Ana Grabundzija · 1 day ago · 2 min read
Trump Administration Task Force Targets Crypto Fraud
The Trump administration announced the launch of a new task force aimed squarely at “cyber fraud” and digital currency, identifying financial market fraud as a key issue and placing cryptocurrencies under the microscope.
Announced via an executive order published July 11, 2018, the Task Force on Market Integrity and Consumer Fraud is intended to expand the powers of regulatory bodies and agencies to “investigate and prosecute crimes of fraud,” placing digital currency-related crime within the scope of investigation associated with traditional financial crimes such as fraudulent investment schemes or money laundering.
White House Cracks Down on Crypto Crime
The new task force, led by Deputy Attorney General Rod J. Rosenstein, plans to “provide guidance for the investigation and prosecution of cases involving fraud on the government,” specifically identifying cyber-fraud targeting the elderly, service members, and veterans.
The rapidly evolving cryptocurrency market is home to an increasing amount of fraud, as evidenced by a recent white paper on financial crimes published by the Beijing Municipal People’s Procuratorate that demonstrates a 26% rise in illegal fundraising and financial crime. Earlier statistics published by UK national fraud and cybercrime reporting agency shows that cryptocurrency-related crime has tripled in the last two years.
Cryptocurrency scams targeting the elderly and uninformed are particularly concerning to regulators both in the US and UK — UK MP Eddie Hughes commented on the rise of these scams that target he elderly, highlighting the importance of action against fraud:
“Any advertising that I’ve seen trying to sell cryptocurrencies to people – and I’ve seen some dreadful examples of targeting retired people – it just feels like a scam … We’ve got elderly people who are very vulnerable to the idea of get rich quick schemes, and the people who trade on those adverts are not regulated in the way that ordinary financial services are regulated.”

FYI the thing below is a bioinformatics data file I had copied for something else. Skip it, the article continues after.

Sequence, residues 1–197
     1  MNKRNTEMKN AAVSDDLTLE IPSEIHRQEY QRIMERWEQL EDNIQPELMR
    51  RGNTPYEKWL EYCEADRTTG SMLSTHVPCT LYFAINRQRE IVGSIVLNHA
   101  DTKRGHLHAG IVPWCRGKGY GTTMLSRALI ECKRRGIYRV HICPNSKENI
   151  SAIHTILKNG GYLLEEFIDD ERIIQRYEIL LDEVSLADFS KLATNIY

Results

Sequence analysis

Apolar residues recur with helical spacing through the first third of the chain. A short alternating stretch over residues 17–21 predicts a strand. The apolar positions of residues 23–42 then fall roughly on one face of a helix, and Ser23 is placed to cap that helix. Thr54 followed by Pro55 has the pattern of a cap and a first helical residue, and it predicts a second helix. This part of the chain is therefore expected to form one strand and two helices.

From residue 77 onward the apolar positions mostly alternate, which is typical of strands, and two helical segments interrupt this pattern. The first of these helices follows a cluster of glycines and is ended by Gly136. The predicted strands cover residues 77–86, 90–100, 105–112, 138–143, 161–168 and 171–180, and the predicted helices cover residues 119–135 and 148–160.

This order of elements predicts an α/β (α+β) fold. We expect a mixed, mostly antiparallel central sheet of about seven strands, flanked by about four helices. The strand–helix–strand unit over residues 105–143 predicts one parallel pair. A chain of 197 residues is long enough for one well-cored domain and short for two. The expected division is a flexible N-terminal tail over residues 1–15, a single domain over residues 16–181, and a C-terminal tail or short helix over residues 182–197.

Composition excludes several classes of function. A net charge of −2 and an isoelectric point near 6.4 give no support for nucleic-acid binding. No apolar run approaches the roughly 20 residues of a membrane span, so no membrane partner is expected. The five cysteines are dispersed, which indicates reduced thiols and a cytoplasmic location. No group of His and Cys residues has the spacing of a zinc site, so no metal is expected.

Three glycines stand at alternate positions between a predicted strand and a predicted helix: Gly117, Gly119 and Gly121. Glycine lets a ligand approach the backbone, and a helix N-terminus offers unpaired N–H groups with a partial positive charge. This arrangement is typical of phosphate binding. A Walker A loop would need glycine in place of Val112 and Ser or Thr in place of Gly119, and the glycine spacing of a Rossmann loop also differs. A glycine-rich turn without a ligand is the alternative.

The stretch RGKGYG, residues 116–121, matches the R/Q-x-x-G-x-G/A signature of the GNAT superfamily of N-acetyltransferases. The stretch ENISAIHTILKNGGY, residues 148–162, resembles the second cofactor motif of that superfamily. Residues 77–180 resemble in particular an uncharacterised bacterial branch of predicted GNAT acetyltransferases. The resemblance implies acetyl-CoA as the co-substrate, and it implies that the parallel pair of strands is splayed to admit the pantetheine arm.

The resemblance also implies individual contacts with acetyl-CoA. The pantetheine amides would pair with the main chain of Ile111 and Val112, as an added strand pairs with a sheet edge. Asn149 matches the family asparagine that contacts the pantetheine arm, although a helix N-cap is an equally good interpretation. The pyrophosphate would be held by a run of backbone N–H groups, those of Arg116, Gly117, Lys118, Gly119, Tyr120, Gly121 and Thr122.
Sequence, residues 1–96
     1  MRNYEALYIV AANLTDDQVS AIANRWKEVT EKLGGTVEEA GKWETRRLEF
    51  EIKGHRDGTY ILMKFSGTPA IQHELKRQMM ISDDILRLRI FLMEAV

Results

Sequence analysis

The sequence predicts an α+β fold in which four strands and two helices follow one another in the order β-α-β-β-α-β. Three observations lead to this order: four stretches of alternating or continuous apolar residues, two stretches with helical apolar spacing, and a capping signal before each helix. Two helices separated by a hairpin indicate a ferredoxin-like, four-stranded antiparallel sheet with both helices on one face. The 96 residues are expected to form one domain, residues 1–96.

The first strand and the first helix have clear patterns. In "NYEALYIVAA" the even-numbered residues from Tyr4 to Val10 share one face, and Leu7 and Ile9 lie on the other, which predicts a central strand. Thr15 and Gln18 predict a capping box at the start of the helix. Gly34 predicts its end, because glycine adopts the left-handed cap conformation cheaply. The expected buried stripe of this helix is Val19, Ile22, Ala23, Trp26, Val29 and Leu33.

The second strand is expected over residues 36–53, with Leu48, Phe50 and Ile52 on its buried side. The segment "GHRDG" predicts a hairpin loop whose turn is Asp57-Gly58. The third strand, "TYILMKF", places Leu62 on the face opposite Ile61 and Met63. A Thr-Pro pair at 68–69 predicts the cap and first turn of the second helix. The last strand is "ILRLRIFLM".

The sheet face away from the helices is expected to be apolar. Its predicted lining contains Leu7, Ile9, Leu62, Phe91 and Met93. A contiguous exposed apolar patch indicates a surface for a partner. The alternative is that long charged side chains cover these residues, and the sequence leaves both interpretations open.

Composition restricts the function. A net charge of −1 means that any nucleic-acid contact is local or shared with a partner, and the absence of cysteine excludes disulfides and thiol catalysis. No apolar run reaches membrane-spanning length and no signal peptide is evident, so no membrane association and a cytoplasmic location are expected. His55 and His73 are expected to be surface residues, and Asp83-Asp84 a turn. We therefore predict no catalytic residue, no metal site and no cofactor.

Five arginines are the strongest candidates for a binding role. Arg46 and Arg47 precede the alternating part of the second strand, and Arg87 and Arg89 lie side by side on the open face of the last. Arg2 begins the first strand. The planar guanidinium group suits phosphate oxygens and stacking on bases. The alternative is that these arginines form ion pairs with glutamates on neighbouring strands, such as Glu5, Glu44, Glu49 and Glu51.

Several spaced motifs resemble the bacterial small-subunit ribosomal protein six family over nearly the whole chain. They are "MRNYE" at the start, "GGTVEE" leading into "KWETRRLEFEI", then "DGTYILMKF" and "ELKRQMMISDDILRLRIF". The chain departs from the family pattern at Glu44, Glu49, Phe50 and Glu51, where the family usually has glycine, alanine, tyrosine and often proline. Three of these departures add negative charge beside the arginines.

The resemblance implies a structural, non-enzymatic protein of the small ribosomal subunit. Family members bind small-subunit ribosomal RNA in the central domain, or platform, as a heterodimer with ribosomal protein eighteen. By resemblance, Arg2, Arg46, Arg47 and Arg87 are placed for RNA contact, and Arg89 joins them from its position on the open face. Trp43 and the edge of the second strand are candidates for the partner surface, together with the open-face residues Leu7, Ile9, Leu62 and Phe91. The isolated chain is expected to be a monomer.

Regulatory Changes on the Horizon
The new Trump task force will bring together the SEC, the CTFC, and the Department of Justice to enhance cooperation between agencies.
Trump’s executive order, however, suggests potential regulatory changes that could have a significant impact on the cryptocurrency market. This allows the Attorney General to make recommendations to the President for “changes in rules, regulations, or policy, or recommendations to the Congress regarding legislative measures, to improve the effective investigation and prosecution of fraud and other financial crimes.”
Deputy Attorney General Rod Rosenstein elaborated on the Trump administration’s position on financial fraud at a press briefing regarding the order in Washington, stating that,
“Fraud committed by companies and their employees has a devastating impact on American citizens in the financial markets, the health care sector, and elsewhere.”
Cryptocurrencies — specifically Bitcoin — have remained under intense scrutiny from the White House, with Press secretary Sarah Huckabee Sanders stating last year that the administration is actively monitoring the cryptocurrency market:
“[Bitcoin] is something that is being monitored by our team here. Tom Bossert, with the Homeland Security team, an advisor to the president, has brought this up in a meeting earlier this week. I know this is something he is keeping an eye on.”
Crypto Fraud Investigations Continue
The announcement of the Task Force on Market Integrity and Consumer Fraud follows a spate of crypto fraud cases that include a CFTC case against CabbageTech owner Patrick McDonnell, who allegedly defrauded investors out of $500,000 as detailed in a lawsuit filed in January.
2018 has also seen the CFTC and Justice Department work together in order to launch a criminal probe into Bitcoin price manipulation. With the SEC actively pursuing fraudulent blockchain startups and beginning to target blockchain scammers, a cooperative effort between the three agencies could dramatically improve the efficacy with which the US government is able to identify and shut down crypto-related criminal activity.
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Posted In: Regulation